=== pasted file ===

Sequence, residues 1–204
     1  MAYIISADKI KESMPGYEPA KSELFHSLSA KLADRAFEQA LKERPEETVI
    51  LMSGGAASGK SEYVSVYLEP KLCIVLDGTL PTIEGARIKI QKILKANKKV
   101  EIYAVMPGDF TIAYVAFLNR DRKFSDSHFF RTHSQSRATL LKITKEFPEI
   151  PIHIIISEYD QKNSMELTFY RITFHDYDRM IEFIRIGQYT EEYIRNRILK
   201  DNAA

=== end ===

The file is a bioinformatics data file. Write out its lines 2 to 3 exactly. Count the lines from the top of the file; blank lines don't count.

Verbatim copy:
     1  MAYIISADKI KESMPGYEPA KSELFHSLSA KLADRAFEQA LKERPEETVI
    51  LMSGGAASGK SEYVSVYLEP KLCIVLDGTL PTIEGARIKI QKILKANKKV